“The Volunteer State” found itself in the national spotlight after the brief expulsion of Democrat Reps. Justin Johnson and Justin Pearson.

Legendary Rep. John Lewis (D-Ga.) once referred to it as good trouble.

Not trouble for no reason.

But trouble that led to a change in the status quo.

Lewis demonstrated that good trouble on Bloody Sunday in Selma, Ala, while marching for equal voting rights despite the presence of police brutality.

Likewise, Tenn. state Rep. Justin Pearson and Rep. Justin Jones got into some good trouble when they “broke” chamber rules while protesting gun violence.

For their courage and steadfastness, RegalMag.com awards the “two Justins,” the 2023 Regal Kings of the Year.

Tennessee Republicans expelled Jones and Pearson for breaking the rules.

However, the voters of Tennessee would have none of it, re-electing them to the state legislature on an interim basis via a special election.

After winning the special election, Pearson said, “I think if we keep running this race, there will be victory after victory after victory.”

According to Kimberlee Kruesi of the Associated Press, “Jones and Pearson were elected to the Statehouse last year. Both lawmakers flew relatively under the radar, even as they criticized their Republican colleagues’ policies. It wasn’t until this spring that their political careers received a boost when they joined fellow Democrat Rep. Gloria Johnson in a protest for more gun control on the House floor.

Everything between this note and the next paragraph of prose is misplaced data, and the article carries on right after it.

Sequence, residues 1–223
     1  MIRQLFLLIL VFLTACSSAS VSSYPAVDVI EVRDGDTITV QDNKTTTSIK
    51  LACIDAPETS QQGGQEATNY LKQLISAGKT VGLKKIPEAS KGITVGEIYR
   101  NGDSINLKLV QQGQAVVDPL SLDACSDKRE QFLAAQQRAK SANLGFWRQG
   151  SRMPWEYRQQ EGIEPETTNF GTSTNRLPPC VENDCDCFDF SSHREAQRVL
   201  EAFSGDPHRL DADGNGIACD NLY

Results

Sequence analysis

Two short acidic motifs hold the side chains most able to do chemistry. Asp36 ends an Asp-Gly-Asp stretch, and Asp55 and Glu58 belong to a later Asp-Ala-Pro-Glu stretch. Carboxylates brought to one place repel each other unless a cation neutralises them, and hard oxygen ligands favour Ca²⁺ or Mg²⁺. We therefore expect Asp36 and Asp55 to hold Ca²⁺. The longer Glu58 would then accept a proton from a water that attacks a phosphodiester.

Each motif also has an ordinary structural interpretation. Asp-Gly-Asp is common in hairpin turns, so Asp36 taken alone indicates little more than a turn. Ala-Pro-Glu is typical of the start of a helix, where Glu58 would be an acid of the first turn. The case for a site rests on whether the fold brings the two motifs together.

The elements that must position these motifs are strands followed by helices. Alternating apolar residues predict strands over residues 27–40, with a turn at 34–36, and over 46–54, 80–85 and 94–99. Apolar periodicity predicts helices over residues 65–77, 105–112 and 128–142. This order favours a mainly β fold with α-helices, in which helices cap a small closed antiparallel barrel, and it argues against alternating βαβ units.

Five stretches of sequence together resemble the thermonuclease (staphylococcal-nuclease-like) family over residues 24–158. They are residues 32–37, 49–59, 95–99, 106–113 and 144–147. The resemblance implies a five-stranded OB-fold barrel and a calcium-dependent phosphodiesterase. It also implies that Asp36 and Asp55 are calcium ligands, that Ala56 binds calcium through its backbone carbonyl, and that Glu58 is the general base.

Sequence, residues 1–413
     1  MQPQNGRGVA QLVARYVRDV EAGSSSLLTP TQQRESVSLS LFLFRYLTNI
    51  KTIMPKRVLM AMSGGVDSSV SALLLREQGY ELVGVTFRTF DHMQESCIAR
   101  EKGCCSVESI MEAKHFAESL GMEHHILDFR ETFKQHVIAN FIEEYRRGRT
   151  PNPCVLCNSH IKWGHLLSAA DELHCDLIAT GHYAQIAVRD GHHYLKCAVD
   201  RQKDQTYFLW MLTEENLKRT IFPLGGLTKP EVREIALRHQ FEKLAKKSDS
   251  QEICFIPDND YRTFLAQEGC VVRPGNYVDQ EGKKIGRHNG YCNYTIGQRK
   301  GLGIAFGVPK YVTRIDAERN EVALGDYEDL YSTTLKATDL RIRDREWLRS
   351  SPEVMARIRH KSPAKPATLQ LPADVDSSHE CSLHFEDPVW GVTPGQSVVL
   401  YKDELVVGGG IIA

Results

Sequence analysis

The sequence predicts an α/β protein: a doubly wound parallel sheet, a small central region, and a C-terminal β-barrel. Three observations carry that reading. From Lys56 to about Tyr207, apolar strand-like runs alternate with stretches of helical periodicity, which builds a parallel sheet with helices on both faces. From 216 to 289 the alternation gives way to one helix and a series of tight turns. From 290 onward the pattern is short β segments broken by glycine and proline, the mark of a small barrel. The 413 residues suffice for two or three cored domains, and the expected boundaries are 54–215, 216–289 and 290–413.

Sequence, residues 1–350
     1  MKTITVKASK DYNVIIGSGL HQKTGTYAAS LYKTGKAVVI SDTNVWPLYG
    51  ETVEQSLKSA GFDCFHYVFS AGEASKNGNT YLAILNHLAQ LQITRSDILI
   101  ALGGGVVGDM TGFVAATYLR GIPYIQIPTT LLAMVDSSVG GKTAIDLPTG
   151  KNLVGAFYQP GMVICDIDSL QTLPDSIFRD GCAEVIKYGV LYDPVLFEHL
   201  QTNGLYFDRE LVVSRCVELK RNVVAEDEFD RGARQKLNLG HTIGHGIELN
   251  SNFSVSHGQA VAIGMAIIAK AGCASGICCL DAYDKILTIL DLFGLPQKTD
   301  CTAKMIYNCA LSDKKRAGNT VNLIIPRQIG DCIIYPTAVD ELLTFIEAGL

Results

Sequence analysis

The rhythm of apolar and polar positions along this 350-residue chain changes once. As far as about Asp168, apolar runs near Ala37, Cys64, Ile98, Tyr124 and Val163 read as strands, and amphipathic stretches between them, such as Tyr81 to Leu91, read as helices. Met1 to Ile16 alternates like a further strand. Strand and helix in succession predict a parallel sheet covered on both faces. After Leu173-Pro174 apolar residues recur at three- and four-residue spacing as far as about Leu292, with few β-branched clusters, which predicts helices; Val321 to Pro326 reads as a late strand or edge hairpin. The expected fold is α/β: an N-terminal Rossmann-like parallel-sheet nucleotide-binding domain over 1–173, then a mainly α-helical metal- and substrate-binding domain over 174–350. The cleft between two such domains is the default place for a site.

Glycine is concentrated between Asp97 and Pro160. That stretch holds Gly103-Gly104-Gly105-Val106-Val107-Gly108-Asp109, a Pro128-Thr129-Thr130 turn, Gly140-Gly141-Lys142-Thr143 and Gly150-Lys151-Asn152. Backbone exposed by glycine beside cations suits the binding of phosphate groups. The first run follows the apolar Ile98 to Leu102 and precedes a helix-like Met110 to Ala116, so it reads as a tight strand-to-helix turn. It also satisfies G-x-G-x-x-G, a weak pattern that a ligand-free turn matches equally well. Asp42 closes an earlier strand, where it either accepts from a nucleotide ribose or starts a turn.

“That demonstration took place just days after a fatal shooting in Nashville at a private Christian school where a shooter killed three children and three adults. As thousands of protestors flooded the Capitol building to demand that the Republican supermajority enact some sort of restrictions on firearms, the three lawmakers approached the front of the House chamber with a bullhorn and joined the protestors’ chants and cries for action.”

Many in the African-American community took offense when Johnson, a White woman, did not get expelled, while her African-American colleagues did get expelled.

The GOP state House is predominantly White and Johnson narrowly escaped expulsion herself.

When Republican lawmakers expelled the “two Justins” for violating House rules, that drastic action had not happened since the Civil War.

The brief expulsion left approximately 140,000 Tennessee residents from predominantly African-American areas without representation in the state House.

The A.P. reported, “House Republican leaders have repeatedly denied that race was a factor in the expulsion hearings. Democrats have disagreed, with Johnson countering that the only reason that she wasn’t expelled was due to her being White.

“The expulsions drew national support for the newly dubbed ‘Tennessee Three,’ especially for Pearson and Jones’ campaign fundraising. The two raised more than $2 million combined through about 70,400 campaign donations from across the country.”

But the “two Justins” are not just about national headlines.

The congressmen are making many things happen in the Tennessee state legislature.